Since we’re not very likely to be back that way unless we’re stopping over on the way to somewhere else a basic structure of Adelaide > three nights in Clare > the Barossa overnight on the way back to the City of Churches seemed to fit reasonably well. That meant four nights in the wine country and three days for Madam to catch up with friends and acquaintances. Looked like a fair deal all around.

With the basic outline of the trip sorted out it was time to set out on basic research, and when you’re researching Australian wineries, there are few better starting points than Halliday’s Australian Wine Companion.

If you’ve spotted Mr Halliday’s weighty tome in a bookshop, you may well suppose it contains details of every winery on the continent, and I guess that, at some point, it did. 

The recent growth of Australia’s wine industry has, however, posed a problem for Halliday since there are now too many wineries to fit into a book limited to eight hundred odd pages and they produce more wines than any one person can physically taste.

There’s also the question of tasting notes for previous vintages, so a dedicated drinker could well end up with a shelf full of Hallidays for reference purposes.

The combination of those factors induced me to subscribe to the online version of Halliday’s tome, and I think that having worked my way around the website a couple of times, I might have bought my last hard copy of the Companion.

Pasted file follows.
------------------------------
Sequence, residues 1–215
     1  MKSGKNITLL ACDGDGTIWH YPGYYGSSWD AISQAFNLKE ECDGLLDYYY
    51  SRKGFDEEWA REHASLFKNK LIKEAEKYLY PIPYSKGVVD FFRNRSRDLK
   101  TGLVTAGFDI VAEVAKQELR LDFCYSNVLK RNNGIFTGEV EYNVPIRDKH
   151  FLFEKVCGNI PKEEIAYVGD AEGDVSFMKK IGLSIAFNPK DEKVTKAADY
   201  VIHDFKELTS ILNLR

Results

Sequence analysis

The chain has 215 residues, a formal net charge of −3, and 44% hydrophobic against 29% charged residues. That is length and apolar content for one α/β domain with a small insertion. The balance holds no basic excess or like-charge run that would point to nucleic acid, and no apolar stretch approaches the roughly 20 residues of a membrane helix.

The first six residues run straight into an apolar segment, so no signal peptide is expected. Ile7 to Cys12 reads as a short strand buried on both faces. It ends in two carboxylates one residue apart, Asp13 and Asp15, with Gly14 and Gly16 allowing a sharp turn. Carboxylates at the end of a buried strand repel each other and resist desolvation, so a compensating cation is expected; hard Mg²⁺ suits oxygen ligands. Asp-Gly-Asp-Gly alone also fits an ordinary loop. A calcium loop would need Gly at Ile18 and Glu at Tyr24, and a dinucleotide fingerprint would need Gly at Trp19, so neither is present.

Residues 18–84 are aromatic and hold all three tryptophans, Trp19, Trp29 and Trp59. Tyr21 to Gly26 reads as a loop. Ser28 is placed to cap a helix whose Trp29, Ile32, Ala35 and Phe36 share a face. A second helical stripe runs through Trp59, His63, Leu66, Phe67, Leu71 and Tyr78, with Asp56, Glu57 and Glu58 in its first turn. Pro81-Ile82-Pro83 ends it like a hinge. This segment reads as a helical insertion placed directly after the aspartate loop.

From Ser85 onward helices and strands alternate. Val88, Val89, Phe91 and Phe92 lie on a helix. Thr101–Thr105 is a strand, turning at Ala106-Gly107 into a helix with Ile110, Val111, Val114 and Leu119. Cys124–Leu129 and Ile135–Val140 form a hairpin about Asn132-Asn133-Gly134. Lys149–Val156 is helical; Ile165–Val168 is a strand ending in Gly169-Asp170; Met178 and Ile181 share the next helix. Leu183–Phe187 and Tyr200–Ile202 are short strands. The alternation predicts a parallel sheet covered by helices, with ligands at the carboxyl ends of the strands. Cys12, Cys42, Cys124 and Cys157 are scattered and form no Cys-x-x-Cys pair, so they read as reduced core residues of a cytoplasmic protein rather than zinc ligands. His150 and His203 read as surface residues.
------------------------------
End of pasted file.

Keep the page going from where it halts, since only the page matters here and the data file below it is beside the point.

Mind you, I did use the hard copy to start research into the wineries of the Clare Valley, but only to start a basic list of what was there from the handy list at the back of the book, get the star rating and check which establishments were not open to the public.

That data went onto a spreadsheet. Name of the winery, Halliday’s star rating, a blank column for the address, another for details of opening hours and a final column for anything of interest.

With that done it was over to the Companion website for a dash of cut and paste. 

Physical and website addresses, opening hours and anything of interest went into the appropriate columns and anywhere that hadn’t made it into the print version got slotted into alphabetical order. So, voila, a neat summary of the wineries of the Clare Valley.

Since we were only planning to spend a day in the Barossa, there was no point in repeating the whole laborious exercise there. For the next bit, I wandered over to the front of the book and the list of the highest-rated wineries before going through the same basic process, carefully deleting any that were not open to the public.

The remaining list still contained too many places for us to visit in a day but if you’re only going to be able to visit a couple of wineries out of a multitude of competing establishments you may as well head for a couple of the best.

Having done that, it was another cut and paste job as I checked each winery’s website and anything of note added to the summary column.

Research complete, the contents of the spreadsheet were pasted into a plain text document, which was then cut into individual slices to cover all the wineries along with accommodation details. 

That done, it was a case of plug in the iPod, create three folders called Clare, Barossa and Adelaide, transfer the files from the desktop to the appropriate folder and drag the folders over to the iPod and I had a handy pocket reference for the trip.

© Ian Hughes 2017